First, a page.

AMEN, Jerry DeWitt


Skepticism is my Nature,

Freethought is my Methodology,

Agnosticism is my Conclusion,

Atheism is my Opinion,

and Humanism is my Motivation,

 –   Jerry DeWitt, Hope After Faith

Jerry DeWitt

Jerry DeWitt’s ministry began when he was seventeen. After twenty-five years of preaching, including pastor-ship of two fundamentalist congregations, he became an atheist.”

I’d bounced from denomination to denomination, from a literal bible interpretation to an embrace of Christianity as metaphor and I’d finally reached the conclusion of that quest: I was looking at an atheist standing there looking in the mirror. It was a painful realization…”

– Hope After Faith, (purchase here):  http://www.amazon.com/Hope-after-Faith-Ex-Pastors-Journey/dp/0306822245/ref=sr_1_1?ie=UTF8&qid=1379541064&sr=8-1&keywords=hope+after+faith

Since my own exit from licensed ministry with the United Pentecostal Church International and embracing my skeptical nature which led me on a similar path many ministers take to agnostic atheism, I have scarce been able to relate to someone else’s journey the way I have in learning the story of Jerry DeWitt’s experience. Reading Hope After Faith, I found what I had already learned about Jerry DeWitt from reading about him and his story and seeing him online as I visit sites like Recovering From Religion and The Atheist Experience was only the beginning of parallels I’ve found between his journey and my own.  RR  I only wish this book had been available and the resources known to me that I’ve since found for transitioning to a reason-based worldview after a lifetime of guilt-driven and superstitious fear-mongering had brainwashed me so bad as to warp my view of reality well into my adulthood. Though the ‘oneness’ I feel with Jerry’s experience, which should give anyone who experiences a similar journey some level of comfort, is a welcome ‘balm of Gilead;’ I so wish I had known I was not so lonely in my journey after all, and only a few short years ago. This makes Hope After Faith an important book for any of us who have felt the anguish of what it is like to have such an earth-shattering crisis of conscience with so much potential to up-end one’s entire reality. After one has invested so much in one’s own faith as to even be involved as a minister of that faith, it is very much like being blind-sided and having the rug pulled out from under you in every way imaginable when knowledge reveals to you the immaturity of and harm caused by putting faith in a fantastical myth like god.

Jerry’s autobiographical piece is a pleasure for any apostate like me, and full of personal accounts any seasoned minister with enough courage to be introspectively honest for a moment would recognize warrants serious contemplative pause. In reading Hope After Faith, I could draw from my own life-long experiences growing up around small country churches to picture the ones Jerry mentions, and many of the characters and personalities therein associated, with knowing and relatable insight. There were also many wise insights which speak to Jerry’s self-described growth beyond faith in lines from this book such as, “I didn’t have to answer anything, I am me and that’s all that matters.” One of the most poignant moments for me in the book came in Jerry’s telling about the rebuke that came when being fired upon his employer finding out Jerry had his picture taken with fellow atheist Richard Dawkins, and the ignorantly judgmental patronizing comment made to Jerry by someone who claimed to be his friend about how god has Jerry poised for a “road to Damascus” experience. Although the entire book is worth the time, it is actually in the Epilogue that the reader can find some of the best meat in regards to Jerry’s analytical path of critical thought which brought him to his present belief system. And the progression of this decades-long process is mirrored in the chronology of chapters in Hope After Faith. This outline of logical progression reflected in the chapters is so telling and concise in itself that they seem to me to make it well worth listing here:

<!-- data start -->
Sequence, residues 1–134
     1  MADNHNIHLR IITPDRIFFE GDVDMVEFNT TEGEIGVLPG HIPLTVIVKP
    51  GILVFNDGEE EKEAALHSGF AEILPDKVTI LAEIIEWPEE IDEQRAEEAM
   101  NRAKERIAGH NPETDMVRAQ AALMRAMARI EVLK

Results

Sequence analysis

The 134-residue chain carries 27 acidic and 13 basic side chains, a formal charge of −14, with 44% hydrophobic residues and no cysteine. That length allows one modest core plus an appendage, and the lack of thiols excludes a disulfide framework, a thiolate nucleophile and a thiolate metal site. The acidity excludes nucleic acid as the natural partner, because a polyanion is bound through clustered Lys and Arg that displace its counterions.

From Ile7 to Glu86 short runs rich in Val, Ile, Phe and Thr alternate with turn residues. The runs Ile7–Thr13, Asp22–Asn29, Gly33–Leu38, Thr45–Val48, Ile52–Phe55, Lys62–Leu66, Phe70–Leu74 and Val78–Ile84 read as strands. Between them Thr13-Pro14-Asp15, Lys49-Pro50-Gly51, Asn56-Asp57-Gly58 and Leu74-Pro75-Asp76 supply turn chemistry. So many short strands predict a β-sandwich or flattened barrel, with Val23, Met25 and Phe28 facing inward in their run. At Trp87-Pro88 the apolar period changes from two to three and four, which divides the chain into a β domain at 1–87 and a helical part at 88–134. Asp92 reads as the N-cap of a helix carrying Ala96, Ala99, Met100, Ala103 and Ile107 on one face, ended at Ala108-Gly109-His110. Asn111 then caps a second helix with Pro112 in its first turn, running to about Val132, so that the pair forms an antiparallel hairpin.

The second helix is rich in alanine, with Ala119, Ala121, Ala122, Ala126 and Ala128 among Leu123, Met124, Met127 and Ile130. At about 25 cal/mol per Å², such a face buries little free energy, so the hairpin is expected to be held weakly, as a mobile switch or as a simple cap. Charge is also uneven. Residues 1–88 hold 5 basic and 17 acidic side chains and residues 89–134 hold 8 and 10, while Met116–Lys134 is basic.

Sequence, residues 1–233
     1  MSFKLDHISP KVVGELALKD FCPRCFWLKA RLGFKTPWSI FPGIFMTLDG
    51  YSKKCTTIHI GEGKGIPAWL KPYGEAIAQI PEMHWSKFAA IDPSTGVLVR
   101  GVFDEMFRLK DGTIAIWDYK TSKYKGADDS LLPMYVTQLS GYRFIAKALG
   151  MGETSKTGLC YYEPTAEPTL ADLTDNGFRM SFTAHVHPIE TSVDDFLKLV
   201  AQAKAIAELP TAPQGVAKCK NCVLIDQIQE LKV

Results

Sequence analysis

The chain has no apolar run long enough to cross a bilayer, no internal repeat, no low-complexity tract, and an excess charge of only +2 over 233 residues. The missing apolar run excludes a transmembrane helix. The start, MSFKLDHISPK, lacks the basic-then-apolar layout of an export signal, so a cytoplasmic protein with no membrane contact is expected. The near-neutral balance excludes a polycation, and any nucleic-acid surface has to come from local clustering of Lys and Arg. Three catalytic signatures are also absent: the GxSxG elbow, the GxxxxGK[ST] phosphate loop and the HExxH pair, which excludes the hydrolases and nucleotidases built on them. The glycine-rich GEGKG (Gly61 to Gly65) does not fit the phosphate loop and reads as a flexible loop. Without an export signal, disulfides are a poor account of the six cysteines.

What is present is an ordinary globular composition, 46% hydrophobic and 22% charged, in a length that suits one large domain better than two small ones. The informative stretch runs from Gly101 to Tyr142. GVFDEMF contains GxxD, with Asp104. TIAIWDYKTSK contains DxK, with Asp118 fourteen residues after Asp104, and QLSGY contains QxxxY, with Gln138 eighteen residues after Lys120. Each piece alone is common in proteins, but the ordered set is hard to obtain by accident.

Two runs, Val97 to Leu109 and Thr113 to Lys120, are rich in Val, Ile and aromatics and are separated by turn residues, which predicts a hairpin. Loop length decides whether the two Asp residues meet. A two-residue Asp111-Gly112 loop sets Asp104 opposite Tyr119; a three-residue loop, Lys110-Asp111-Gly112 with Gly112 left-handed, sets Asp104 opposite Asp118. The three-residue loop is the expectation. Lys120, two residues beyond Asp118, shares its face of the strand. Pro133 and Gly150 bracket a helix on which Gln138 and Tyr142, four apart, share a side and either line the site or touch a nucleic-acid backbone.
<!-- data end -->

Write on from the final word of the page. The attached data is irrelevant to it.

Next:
DeWitt Project

  1. God Loves Everyone

  2. God Saves Everyone

  3. God Is In Everyone

  4. God Is Everyone’s Internal Dialogue

  5. God Is A Delusion

Not to be left hopeless or in failure to deliver the ‘good news’ about a new-found knowledge and truth in the atheist perspective, Jerry offers quite the encouraging mantra for those of us who have transitioned to a more secular and humanistic worldview in the final pages of his intellectually honest transcript. “Freed from religion, which forces me to sacrifice my own identity and values, my values become my own. That’s the hope. By forcing my way to freedom, I’ll set a positive example for the next generation, and I’ll feel a hope for them that they will not live an existence characterized by cultural servitude but instead walk into a life of true individual freedom of self-expression.”

Amen, Jerry DeWitt. Amen, and preach it brother!

Paul Fest

 A.G. House is an Afghanistan war veteran and former licensed minister (UPCI), who has become an outspoken skeptic, peace activist, and involved himself in many other issues which he believes affect the individual freedoms of the people whose Constitutional Rights he took an oath to defend. He currently resides in the heart of Tennessee with his companion dog ‘Liberty,’ where he is recovering from PTSD and enjoys the therapeutic activities of gardening, creative writing, playing drum set, and other forms of artistic expression   \m/

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  1. Pingback: Chaos 2013: Year in Review | Chaos Section

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